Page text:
Tennessee and North Carolina paid to construct Newfound Gap Road and then transferred ownership of the road over to the federal government. At that time, it was stated that “no toll or license fee shall ever be imposed…” to travel the road. This is why it is free to enter the park, unlike many other national parks.

6. Most Visited National Park in the United States

Great Smoky Mountains National Park entrance

The park welcomed a record 12,547,743 visitors in 2019, which is 1,126,540 more visitors than in 2018 – making it the most visited national park in the United States.

The visitor figures do not include the other 11 million travelers on the Gatlinburg-Pigeon Forge Spur.

The second most heavily visited national park of the 59 is Grand Canyon with 4.6 million visits, third is Yosemite with 3.8 million, fourth is Yellowstone with 3.2 million. Check out visits here.

7. Some of the Oldest Mountains in the World

Some of the rocks in the Smokies were formed during the Proterozoic Era, 800-545 million years ago. Fossils found in limestone rocks in Cades Cove are about 450 million years old. The mountains themselves – as they are formed now – are estimated to be 200 to 300 million years old.

It is an awesome thought.

8. More than 850 Miles of Hiking Trails

women on a hiking trail

The park sees about 400,000 hikers annually. About 70 miles of the Appalachian Trail runs through the park, as well.

Whether you want an easy hike or several days including camping, Great Smoky Mountains National Park has it all.

The Gatlinburg Trail is an easy 3.8-mile round-trip hike runs from the Sugarlands Visitor Center (also a must-see before you do anything else in the Park) to Gatlinburg Tennessee and back. This is one of the few trails in the Park that allows dogs (on a leash) and bicycles.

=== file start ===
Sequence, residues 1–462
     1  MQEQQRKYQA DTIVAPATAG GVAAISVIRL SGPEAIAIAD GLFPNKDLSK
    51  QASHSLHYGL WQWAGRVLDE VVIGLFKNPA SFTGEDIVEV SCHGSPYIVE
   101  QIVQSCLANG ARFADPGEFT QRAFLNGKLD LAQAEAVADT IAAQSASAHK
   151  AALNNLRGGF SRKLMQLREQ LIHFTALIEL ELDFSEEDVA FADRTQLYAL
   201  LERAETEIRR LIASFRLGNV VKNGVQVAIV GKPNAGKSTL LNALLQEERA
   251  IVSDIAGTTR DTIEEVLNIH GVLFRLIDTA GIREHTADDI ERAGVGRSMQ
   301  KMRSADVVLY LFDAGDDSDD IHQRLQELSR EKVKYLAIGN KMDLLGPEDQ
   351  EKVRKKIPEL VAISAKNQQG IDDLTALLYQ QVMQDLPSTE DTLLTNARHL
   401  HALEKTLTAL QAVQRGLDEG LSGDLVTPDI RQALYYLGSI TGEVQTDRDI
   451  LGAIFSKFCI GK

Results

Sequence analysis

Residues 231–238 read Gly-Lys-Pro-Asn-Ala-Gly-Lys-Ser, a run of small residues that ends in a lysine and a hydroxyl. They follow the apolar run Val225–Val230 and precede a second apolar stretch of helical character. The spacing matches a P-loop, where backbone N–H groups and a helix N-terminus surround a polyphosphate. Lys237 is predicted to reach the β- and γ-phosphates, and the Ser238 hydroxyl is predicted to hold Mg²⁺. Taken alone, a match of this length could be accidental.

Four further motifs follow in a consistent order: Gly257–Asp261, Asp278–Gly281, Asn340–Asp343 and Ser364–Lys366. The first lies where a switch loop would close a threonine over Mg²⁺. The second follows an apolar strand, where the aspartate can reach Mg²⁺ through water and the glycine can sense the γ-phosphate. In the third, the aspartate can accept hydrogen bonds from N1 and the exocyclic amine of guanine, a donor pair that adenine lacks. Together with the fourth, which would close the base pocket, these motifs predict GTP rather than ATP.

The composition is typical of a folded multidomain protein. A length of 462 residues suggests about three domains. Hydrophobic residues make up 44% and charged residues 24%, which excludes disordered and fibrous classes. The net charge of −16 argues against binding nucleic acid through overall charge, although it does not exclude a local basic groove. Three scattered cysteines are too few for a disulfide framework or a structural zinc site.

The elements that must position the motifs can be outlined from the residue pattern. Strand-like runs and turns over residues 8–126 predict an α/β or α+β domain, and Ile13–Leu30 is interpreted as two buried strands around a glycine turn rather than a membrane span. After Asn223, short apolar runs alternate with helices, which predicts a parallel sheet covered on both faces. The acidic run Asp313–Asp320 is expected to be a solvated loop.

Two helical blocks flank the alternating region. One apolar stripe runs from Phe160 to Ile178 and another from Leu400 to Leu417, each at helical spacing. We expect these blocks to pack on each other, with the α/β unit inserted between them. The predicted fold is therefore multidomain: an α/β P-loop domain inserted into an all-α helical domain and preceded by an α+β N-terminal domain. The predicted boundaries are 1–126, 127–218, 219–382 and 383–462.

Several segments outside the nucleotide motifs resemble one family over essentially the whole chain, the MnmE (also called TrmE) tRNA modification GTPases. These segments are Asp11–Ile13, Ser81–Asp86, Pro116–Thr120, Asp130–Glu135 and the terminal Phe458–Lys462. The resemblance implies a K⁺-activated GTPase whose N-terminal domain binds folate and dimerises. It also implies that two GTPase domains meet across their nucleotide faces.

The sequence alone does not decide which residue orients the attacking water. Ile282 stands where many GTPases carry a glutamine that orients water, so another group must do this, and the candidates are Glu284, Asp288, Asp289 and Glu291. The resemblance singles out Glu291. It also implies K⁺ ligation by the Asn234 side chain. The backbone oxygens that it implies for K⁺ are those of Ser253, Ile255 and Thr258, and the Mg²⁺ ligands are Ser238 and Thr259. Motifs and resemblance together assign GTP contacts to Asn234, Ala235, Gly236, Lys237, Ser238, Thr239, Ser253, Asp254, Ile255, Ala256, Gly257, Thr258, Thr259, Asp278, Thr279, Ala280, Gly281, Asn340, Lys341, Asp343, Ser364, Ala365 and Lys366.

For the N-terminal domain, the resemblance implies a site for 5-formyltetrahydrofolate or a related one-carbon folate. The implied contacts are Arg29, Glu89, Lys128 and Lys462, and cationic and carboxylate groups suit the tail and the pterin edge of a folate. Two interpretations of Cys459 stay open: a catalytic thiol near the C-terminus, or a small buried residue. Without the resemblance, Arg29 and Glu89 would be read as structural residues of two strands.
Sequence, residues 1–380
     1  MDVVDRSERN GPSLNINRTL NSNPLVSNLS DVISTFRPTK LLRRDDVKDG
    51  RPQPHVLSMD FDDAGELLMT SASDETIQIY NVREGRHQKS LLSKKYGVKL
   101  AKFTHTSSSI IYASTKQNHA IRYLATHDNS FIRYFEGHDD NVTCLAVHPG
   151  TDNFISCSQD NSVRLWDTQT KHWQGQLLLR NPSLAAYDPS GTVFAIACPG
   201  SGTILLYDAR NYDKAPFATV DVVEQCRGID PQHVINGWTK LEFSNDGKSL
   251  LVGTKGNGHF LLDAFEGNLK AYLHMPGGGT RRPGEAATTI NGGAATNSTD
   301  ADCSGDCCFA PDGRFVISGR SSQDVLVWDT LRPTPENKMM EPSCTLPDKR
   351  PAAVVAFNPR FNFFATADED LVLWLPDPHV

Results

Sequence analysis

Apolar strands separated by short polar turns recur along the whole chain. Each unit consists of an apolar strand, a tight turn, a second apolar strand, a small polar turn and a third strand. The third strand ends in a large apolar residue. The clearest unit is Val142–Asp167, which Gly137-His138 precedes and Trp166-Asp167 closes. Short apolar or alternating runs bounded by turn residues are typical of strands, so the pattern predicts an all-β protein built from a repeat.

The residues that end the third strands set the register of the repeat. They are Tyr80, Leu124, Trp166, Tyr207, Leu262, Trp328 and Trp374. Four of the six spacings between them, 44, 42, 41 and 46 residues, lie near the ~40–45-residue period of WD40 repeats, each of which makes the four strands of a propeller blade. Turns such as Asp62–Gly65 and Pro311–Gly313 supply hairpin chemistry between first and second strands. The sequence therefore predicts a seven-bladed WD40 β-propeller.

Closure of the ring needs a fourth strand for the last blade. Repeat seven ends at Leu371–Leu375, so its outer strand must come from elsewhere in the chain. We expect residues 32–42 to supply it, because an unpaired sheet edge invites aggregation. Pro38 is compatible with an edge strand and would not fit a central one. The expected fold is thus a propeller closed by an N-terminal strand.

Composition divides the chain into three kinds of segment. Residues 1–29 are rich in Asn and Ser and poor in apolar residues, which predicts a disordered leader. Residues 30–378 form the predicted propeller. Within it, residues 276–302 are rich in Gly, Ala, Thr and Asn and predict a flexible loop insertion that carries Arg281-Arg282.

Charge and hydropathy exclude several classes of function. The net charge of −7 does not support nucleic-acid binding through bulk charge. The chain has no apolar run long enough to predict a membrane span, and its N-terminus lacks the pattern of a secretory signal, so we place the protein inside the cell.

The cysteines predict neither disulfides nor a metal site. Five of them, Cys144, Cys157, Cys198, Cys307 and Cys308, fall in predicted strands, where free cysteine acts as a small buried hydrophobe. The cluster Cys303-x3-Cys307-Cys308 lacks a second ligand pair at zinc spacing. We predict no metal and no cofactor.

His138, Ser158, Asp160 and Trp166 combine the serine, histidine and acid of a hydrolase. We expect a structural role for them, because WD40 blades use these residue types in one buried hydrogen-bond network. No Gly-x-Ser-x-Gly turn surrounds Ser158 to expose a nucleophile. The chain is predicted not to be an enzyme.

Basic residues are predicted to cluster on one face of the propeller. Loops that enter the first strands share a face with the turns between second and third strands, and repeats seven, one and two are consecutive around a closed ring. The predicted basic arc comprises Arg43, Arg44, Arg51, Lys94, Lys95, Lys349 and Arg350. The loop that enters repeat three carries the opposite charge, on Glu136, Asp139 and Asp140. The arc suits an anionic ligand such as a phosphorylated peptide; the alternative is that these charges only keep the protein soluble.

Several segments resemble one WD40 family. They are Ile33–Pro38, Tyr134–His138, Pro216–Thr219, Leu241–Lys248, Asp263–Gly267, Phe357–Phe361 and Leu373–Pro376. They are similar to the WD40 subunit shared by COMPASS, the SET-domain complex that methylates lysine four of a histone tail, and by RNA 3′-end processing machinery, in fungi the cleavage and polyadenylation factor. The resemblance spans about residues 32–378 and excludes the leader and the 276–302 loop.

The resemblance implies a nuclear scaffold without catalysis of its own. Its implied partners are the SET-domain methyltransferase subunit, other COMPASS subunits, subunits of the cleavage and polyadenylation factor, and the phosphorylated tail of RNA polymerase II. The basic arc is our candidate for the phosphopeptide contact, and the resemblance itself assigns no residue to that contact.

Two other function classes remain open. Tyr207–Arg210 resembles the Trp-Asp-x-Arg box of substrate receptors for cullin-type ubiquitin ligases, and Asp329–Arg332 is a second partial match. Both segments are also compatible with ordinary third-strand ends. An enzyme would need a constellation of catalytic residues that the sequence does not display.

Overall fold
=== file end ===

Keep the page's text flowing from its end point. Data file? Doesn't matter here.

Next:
More challenging is Rainbow Falls Trail. Allow an hour and a half to Rainbow Falls and four hours to Mt LeConte – rising 6,593 feet. Only Clingman’s Dome is higher at 6,643 feet.

Hikers will gain nearly 4,000 feet in elevation by the time they get to Mt. LeConte.

Check out our hiking guide for more information and more hikes.

9. Mountaintop Temperatures Rarely Reach Above 80 F

Elevations in the park range from approximately 875 feet to 6,643 feet and the topography can drastically affect local weather. Temperatures can vary 10-20 degrees Fahrenheit from mountain base to top, and clear skies lower down do not guarantee equally pleasant weather at higher elevations. Rainfall averages 55 inches per year in the lowlands to 85 inches per year at Clingmans Dome.

10. More than 90 Structures Preserved by the Park

Great Smoky Mountains National Park holds one of the best collections of log buildings in the eastern United States. “Houses, barns, outbuildings, churches, schools, and grist mills—have been preserved or rehabilitated in the park.”

Some of the best places to see these historic structures are at Cades Cove,  CataloocheeOconaluftee and along the Roaring Fork Motor Nature Trail. Self-guiding auto tour booklets are available at each place.

Not All of the historic buildings in Cades Cove are not native; some once were located elsewhere in the park. The Gregg-Cable House for example was once on Forge Creek Road. And the blacksmith shop and the visitor center were both built after the national park was founded, though they were styled to replicate the architecture of the area.

Check out even more Great Smoky Mountain Facts and plan your visit.

Book a Cabin and Explore the Great Smoky Mountains

Black Bears and Biscuits Lodge - A Cabin in Wears Valley

No matter how you choose to explore the Smoky Mountains, having a beautiful cabin to come and go from, to sit and discuss plans and the days adventures is the best way to stay in mountains. Book now for a future adventure. American Patriot Getaways has you covered with plenty of cabins to choose from in Pigeon Forge and Gatlinburg.

Give our friendly and helpful reservations team a call at 800-204-5169 now to book your stay and all your adventures. Check out our web site too to explore cabins by size, location and amenities.

Want to stay near Cades Cove? Book a cabin in Wears Valley and you are right there. Check out our great Wears Valley area cabins and find your perfect vacation destination!

Stay right in the mountains in one of our secluded cabins. Have a big family? We have 10-13 bedroom cabins! Check out our budget-friendly cabins and our cabins with game rooms!

No matter your group size or budget, American Patriot Getaways has a cabin for you!

Be sure to follow us on Facebook and Instagram for all the latest area news and happenings. And check out our Smoky Mountain Travel Guide for more adventures. Be sure to look at all of our vacation guides for planning your Smoky Mountain getaway.

We’ll see you in the mountains!